The day is wonderful the sun is laughing – who is not going to get out into the light now? Our ideal of beauty and the sense of body cult do the rest: Hungry for tans, crowds of people on such days deliberately expose themselves to UV radiation. And thus also undress parts of the body that are otherwise covered and neglected by the sun. You enjoy the pleasant warmth and look forward to the tanned result. But for many it looks very different. The very first rays of sunshine leave itchy rashes with ugly reddening, blisters and wheals on the still winter-white skin of people with a predisposition to sun allergy. UV-A rays are to blame.
Sun allergy: causes
A sun allergy (polymorphic light eruption) is not a real allergy like hay fever . In people with a sun allergy, substances that cause allergy-like skin symptoms are created solely by the action of the sun’s UV rays. These only occur on the body parts exposed to the sun, such as neck, décolleté, upper arms and shoulders.
Sunlight contains ultraviolet light in different wavelengths. Most sun allergy sufferers are blamed for the longer-wave UV-A radiation, the so-called tanning radiation. The effect of UV-A radiation is associated with the formation of aggressive oxygen particles, which are said to play a causal role in solar allergy. When the body’s own messenger substance histamine is released, the skin vessels expand, which in turn causes heat, redness and itching .
The best protection is to avoid the sun
For now, substances that prevent the release of histamine – so-called antihistamines – help against the strong itching. These can also be taken to prevent sun allergy. They inhibit the skin’s allergic inflammatory reaction. Prevention can also be prevented by slowly getting the skin used to the sun – that is, slowly increasing the amount of sun bathing. Likewise, by taking vitamin A precursors (beta carotenoids).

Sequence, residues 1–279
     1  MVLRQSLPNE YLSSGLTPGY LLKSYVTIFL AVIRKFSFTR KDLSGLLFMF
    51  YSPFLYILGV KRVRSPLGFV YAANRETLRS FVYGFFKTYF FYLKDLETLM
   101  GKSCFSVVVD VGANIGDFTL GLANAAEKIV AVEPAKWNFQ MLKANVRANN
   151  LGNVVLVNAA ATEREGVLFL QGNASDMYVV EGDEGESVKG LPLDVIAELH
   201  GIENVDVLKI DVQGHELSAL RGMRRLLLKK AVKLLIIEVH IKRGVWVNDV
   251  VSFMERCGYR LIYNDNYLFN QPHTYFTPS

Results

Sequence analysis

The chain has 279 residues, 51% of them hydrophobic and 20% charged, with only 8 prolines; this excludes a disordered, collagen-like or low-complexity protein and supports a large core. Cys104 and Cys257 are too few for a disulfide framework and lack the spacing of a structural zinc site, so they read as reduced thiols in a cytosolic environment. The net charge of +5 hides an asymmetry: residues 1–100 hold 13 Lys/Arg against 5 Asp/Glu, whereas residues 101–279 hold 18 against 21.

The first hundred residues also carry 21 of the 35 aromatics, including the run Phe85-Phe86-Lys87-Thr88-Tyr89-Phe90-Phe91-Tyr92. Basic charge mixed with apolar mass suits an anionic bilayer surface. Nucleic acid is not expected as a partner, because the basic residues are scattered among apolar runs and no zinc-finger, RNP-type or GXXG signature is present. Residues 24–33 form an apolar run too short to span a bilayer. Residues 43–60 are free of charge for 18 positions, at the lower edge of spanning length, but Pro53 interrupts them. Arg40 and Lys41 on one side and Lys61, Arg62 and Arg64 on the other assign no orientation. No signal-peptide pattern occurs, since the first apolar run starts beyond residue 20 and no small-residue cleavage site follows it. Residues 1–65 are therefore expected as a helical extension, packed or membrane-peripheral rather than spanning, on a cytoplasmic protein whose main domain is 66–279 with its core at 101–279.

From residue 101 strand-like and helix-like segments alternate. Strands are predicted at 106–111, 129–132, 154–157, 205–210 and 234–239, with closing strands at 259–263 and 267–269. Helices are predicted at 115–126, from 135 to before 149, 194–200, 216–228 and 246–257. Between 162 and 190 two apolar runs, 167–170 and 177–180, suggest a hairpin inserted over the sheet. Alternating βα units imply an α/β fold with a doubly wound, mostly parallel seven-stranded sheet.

The most effective protection is of course to avoid sunlight. If you are still exposed to the sun, you should apply sunscreen with a high sun protection factor and protect yourself with light cotton clothing.
A second known clinical picture, in which the sun plays a major role, is the Mallorca acne, which was actually named after the most popular holiday island of the Germans. With good reason, because the disease was first observed in Mallorca: sunbathing holidaymakers suffered from acne-like skin changes and itching. Even today, sun-hungry globetrotters in southern climes are still plagued by Mallorca acne. The face, neck and décolleté as well as the upper arm and back are particularly affected.
In contrast to polymorphic light eruption, Mallorca acne is caused by an interaction between the UV light from the sun and the ingredients of the cosmetics. It is mostly fatty substances in sun creams and body lotions that are responsible for the rash in combination with the sun. Switching to fat-free and emulsifier-free sun cosmetics helps those affected to get rid of Mallorca acne.
The photoallergic reaction is a real allergy because the immune system is involved. A wide variety of substances – from fragrances in cosmetics to chemical light filters in sun protection to medicines – can cause an allergic skin reaction in combination with sunlight. Itching, blisters, redness, oozing skin and crust formation are among the many symptoms that often only appear many hours after sun exposure.
In the phototoxic reaction, the skin is directly irritated by substances that can be “toxic” under the influence of the sun’s rays. Skin contact with certain plants – such as hogweed or meadow grass – can cause reddening of the skin, burning itching or swelling in sensitive contemporaries. The symptoms are reminiscent of severe sunburn . However, it is also possible that substances in the body and sunlight are not compatible. The skin often reacts “toxic” to the combination of certain medications and UV rays.
Tip: If you need to take medications such as antibiotics or anti- diabetes , rheumatism or high blood pressure , you should inquire before going on holiday whether there may be photoallergic or phototoxic reactions. A look at the package insert or a consultation in the pharmacy provide information.